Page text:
I went to Stayton High School on Friday night along with other Stayton High School athletic parents to watch a video about what middle and high school age athletes want from their parents as they engage in sports. The speaker in the video, Bruce Brown, is a successful high school coach who spent many years interviewing student-athletes about their experiences, looking for what they enjoyed and didn't enjoy about their high school sports experience.  Of course I went in thinking that I was the perfectly detached parent, but that it would be of interest as both my boys play various sports. The video, of course, was very well done, and all who attended were able to complete a reflection sheet while they watched. In the course of the video, I have to admit that I spent no small amount of time reflecting on my own expectations of my boys, and will certainly change some things about how I interact with them from now on.

I think the most important thing that Coach Brown said in the video was simply to "Release Your Child to the Sport."  This has tremendous implications for parents. First, it means that their successes and adversity are theirs--and theirs alone. It means that when we talk to our kids about sports, that we don't bring our own expectations to the conversation, and that we support them in the sport and as a part of a team. Coach Brown made a great point when he said that sports is one of the few areas where parents have the freedom to allow this sort of complete freedom. We exercise tremendous influence and some control in their choice of friends, in their grades, in responsibly using their free time. But in sports, it is healthy only if it is theirs.

While Coach Brown introduced several  topics that made me think, one that was particularly worth mentioning is what he says student-athletes want from their parents after games. What they want is time and space. They don't want to re-hash the game with their dad or mom. They want anything else. He had two great stories about this. He told about a girl who had taken a scholarship at a school over a thousand miles from where she lived, despite having several local schools who had offered her scholarships. Her major reason? To get away from a dad who spent hours after each game talking about each play. Another boy ( a great athlete in several sports)  he coached would stay in the locker room long after the other boys had left--until he knew his dad had gone to bed.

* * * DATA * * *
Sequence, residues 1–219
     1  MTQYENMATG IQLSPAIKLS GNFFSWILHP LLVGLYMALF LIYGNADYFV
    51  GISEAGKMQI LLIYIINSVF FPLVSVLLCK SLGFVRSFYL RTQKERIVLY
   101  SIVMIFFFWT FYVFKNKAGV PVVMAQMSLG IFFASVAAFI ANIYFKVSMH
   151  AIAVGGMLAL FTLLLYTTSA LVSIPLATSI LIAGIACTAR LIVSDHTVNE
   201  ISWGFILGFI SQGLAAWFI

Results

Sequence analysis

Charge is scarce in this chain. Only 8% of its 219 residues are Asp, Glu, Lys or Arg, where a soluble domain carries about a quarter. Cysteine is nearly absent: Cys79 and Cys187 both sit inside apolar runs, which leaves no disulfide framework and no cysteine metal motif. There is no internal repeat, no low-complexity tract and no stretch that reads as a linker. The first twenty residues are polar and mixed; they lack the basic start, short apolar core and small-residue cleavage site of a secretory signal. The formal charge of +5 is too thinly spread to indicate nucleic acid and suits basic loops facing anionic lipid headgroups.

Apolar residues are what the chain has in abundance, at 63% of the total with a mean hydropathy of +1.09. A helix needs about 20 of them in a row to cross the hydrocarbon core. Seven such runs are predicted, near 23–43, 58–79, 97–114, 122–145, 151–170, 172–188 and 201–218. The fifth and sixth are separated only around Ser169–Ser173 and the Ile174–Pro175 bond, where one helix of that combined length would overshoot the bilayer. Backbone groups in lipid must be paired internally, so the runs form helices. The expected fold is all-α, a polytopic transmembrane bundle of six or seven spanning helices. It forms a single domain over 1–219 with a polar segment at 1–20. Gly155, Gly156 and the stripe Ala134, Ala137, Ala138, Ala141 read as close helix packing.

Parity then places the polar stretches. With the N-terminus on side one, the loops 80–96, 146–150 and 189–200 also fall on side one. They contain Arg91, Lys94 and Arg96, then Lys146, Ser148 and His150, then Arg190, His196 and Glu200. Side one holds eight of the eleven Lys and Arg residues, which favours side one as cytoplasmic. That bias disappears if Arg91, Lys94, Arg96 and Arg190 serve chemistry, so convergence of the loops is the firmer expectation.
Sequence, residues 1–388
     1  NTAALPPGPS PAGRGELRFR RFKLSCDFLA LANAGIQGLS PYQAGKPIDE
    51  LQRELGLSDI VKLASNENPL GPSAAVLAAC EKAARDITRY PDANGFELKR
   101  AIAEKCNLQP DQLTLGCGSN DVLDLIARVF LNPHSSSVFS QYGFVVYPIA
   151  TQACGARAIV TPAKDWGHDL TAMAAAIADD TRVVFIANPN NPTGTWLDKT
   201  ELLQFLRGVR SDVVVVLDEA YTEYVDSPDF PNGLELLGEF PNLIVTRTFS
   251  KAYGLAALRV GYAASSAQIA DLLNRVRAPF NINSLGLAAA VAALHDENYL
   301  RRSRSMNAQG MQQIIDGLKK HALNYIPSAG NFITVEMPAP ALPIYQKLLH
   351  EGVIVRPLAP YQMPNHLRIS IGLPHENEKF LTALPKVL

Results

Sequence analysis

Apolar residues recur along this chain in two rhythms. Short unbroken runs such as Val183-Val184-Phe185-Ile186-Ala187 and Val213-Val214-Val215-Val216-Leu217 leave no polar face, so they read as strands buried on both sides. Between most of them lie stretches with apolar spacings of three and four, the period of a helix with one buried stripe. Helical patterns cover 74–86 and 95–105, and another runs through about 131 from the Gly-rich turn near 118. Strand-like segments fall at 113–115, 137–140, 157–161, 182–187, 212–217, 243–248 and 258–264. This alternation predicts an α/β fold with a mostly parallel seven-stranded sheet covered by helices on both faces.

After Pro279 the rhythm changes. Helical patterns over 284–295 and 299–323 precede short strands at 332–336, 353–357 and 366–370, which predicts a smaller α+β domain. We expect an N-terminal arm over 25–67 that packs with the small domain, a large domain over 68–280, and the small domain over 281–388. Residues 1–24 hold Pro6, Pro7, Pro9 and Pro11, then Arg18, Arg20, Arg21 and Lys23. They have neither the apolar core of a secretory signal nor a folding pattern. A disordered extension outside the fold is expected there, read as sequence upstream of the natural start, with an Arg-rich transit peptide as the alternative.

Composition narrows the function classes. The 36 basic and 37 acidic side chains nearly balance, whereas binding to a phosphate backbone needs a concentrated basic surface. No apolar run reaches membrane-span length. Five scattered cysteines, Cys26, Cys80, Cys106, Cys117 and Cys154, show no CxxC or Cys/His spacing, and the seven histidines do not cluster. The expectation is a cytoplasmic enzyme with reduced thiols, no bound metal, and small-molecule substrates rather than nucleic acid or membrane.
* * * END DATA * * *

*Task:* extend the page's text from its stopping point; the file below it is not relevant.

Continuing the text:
So, thanks to Darren Shryock for putting the evening together. I will definitely put some of what I learned to use in the Gardner house, and I'm sure my boys will thank me for it!

Thursday, September 22, 2016

While I am very proud of the focus on instruction that we have in the district, and while it is always rewarding to be in classrooms and see our teaching staff truly working in new and engaging ways with kids, it is always worth remembering what the truly fundamentally important things are.

First, like all people, kids want to know that you care about them as a person. There's an old adage about teaching that goes "I don't care what you know until I know that you care". While education has progressed a great deal in the last few years through great research, people--including students-- by and large remain the same. We simply cannot get anything done with our students until we adopt a positive, welcoming and engaging approach to dealing with students. Parents often talk about the "feel" of a building. While it's not scientific, I agree that it is a real thing. It is the many small messages that people send that signals their attitude, their beliefs, that we all can read and decipher.